Sofia's Deli Opens in Burlington; UVM Offers Craft Beer Biz Program | Food News | Seven Days | Vermont's Independent Voice

Seven Days needs your financial support!

Sofia's Deli Opens in Burlington; UVM Offers Craft Beer Biz Program 

click to enlarge Vasile Roman and Omer Alicic - ALICE LEVITT
  • Alice Levitt
  • Vasile Roman and Omer Alicic

Sofia's Pizzeria has returned to St. Paul Street in Burlington. Well, sort of. Owner Omer Alicic is slinging his pies and calzones once again, but now it's as Sofia's Deli at Neighborhood Market at 457 St. Paul.

Fans will still be able to dig into Alicic's Manhattan Stromboli, filled with homemade meatballs, but he says his new location next to Panacea Pizza means he's de-emphasizing his doughy creations. Instead, he and business partner Vasile Roman are focusing on sandwiches, wraps and pasta. McKenzie country classics meats fill most of the sandwiches, but besides the meatballs, Sofia's also serves up made-to-order eggplant and chicken Parmesan over pasta or on subs. Fans of European fare can pick up Bosnian smoked meat and European cheeses.

But the back case is a particular treasure trove for Eastern European food lovers. A small New York company is behind the indulgent smetannik, or sour cream cake. Ten varieties of cake are in stock, including caramel, honey and almond.

To celebrate what began as a soft opening last week, Sofia's will serve free Michigan dogs to all guests on Saturday, August 29, from 11 a.m. to 5 p.m.

—A.L.

In the eyes of Kurt Staudter, the executive director of the Vermont Brewers Association, breweries fail for three reasons: crappy beer, undercapitalization and lack of business sense. For the past year, he and Gregory Dunkling, director for the business of craft beer program at the University of Vermont, have been tackling the latter issue. Their collaboration has resulted in a new, online program at UVM that will equip 30 to 40 students with business chops suitable for the craft-beer industry.

The three-month course caters to college grads with one to five years of marketing or business experience, as well as individuals already working in the beer industry. "The objective is for people to go through a 12-week deep dive into the craft-beer sector," says Dunkling. After a mandatory crash course in craft-beer fundamentals, students must specialize in digital marketing, sales or operations.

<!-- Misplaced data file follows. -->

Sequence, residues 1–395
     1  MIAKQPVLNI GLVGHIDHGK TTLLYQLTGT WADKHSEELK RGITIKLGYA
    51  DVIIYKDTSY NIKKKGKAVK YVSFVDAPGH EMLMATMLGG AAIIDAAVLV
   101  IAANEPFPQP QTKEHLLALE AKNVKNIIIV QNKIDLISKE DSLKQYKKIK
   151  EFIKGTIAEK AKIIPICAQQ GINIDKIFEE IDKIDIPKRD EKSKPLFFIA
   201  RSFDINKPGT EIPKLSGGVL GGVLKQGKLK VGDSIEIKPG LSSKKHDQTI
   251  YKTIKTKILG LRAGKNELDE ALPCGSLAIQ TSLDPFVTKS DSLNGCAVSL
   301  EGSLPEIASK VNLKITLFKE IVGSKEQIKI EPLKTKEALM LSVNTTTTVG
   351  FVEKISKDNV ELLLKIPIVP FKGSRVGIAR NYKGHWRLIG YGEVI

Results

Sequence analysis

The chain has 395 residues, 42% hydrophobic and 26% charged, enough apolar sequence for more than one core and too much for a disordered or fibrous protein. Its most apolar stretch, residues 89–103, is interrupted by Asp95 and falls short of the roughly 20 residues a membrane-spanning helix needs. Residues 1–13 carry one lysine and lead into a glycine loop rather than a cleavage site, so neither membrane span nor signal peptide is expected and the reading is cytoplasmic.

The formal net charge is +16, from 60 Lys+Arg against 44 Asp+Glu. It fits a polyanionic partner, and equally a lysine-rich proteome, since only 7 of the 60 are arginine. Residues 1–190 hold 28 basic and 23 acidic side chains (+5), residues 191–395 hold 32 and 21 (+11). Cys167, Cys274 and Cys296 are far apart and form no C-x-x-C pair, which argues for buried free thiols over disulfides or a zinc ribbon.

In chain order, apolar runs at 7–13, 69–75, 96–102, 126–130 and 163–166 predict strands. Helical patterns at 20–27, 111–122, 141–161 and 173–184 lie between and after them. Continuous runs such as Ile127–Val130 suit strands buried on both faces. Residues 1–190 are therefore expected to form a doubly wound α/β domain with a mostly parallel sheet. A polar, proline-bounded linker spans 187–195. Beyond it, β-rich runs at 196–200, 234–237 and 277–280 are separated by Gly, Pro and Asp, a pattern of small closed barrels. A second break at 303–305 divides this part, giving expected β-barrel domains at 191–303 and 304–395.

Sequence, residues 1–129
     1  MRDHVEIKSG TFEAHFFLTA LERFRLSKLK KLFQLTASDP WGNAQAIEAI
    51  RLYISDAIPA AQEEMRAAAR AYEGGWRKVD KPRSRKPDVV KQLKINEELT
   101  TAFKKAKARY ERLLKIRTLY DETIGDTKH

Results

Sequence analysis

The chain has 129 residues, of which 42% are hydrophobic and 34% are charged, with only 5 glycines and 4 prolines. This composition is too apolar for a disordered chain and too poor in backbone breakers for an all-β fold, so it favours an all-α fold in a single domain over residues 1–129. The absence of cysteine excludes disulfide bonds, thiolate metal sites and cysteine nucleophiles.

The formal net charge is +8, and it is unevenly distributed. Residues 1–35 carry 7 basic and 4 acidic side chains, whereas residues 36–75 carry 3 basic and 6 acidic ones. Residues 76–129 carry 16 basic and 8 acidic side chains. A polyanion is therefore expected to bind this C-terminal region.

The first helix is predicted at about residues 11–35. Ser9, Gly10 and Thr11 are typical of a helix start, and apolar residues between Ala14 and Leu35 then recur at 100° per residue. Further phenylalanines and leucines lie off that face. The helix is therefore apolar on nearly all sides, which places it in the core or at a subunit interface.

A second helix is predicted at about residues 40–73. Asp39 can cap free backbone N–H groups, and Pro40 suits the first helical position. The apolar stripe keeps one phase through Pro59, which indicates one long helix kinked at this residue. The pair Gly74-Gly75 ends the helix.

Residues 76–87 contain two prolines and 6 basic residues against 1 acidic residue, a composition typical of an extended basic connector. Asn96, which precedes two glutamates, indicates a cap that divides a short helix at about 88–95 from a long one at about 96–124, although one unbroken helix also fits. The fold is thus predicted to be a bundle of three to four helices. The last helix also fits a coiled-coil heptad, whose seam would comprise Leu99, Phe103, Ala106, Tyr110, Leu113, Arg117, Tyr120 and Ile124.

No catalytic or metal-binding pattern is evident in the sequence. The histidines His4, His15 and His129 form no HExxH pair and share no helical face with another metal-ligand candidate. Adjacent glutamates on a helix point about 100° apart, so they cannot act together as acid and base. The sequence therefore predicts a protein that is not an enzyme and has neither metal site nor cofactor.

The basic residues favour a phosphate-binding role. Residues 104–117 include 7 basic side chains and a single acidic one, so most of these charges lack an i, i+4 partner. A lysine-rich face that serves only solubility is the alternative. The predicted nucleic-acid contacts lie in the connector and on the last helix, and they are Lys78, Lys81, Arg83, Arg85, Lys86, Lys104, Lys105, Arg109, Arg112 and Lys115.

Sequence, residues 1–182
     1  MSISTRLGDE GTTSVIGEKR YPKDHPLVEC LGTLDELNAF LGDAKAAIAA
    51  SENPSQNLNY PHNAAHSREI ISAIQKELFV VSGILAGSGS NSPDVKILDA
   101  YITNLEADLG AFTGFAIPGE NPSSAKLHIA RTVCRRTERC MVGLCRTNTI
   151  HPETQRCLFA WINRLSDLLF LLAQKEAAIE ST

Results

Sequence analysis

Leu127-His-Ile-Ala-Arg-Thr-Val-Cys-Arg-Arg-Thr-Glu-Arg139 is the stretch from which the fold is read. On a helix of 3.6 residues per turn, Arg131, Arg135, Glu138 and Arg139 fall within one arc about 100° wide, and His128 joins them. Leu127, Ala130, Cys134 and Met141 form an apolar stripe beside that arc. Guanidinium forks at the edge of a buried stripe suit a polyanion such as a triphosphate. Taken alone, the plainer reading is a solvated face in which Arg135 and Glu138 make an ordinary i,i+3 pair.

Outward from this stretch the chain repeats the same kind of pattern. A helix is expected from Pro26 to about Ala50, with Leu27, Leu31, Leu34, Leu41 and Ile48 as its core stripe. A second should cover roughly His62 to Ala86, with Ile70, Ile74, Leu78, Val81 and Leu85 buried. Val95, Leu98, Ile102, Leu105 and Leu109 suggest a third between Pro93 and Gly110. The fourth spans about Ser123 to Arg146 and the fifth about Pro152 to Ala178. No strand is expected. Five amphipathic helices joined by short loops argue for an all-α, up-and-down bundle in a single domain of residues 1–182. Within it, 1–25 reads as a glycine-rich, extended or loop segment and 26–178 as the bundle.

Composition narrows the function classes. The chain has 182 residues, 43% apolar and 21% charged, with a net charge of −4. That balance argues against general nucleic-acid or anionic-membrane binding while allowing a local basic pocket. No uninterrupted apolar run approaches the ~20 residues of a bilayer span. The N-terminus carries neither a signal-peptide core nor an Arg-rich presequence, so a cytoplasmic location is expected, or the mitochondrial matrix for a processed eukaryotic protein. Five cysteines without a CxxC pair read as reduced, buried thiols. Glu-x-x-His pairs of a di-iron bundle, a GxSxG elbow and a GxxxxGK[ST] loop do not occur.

The certificate program will begin in February. Dunkling says he plans to offer the class three times a year and to expand enrollment as interest increases.

—S.B.

The original print version of this article was headlined "Crumbs"

Related Locations

More...
Got something to say? Send a letter to the editor and we'll publish your feedback in print!

More By This Author

More By This Author

About The Authors

Stacey Brandt

Stacey Brandt

Bio:
Stacey Brandt was an assistant food writer for Seven Days in 2015.
Alice Levitt

Alice Levitt

Bio:
AAN award-winning food writer Alice Levitt is a fan of the exotic, the excellent and automats. She wrote for Seven Days 2007-2015.

Comments


Comments are closed.

Since 2014, Seven Days has allowed readers to comment on all stories posted on our website. While we’ve appreciated the suggestions and insights, the time has come to shut them down — at least temporarily.

While we champion free speech, facts are a matter of life and death during the coronavirus pandemic, and right now Seven Days is prioritizing the production of responsible journalism over moderating online debates between readers.

To criticize, correct or praise our reporting, please send us a letter to the editor. Or send us a tip. We’ll check it out and report the results.

Online comments may return when we have better tech tools for managing them. Thanks for reading.

Latest in Food News

Keep up with us Seven Days a week!

Sign up for our fun and informative
newsletters:

All content © 2020 Da Capo Publishing, Inc. 255 So. Champlain St. Ste. 5, Burlington, VT 05401
Website powered by Foundation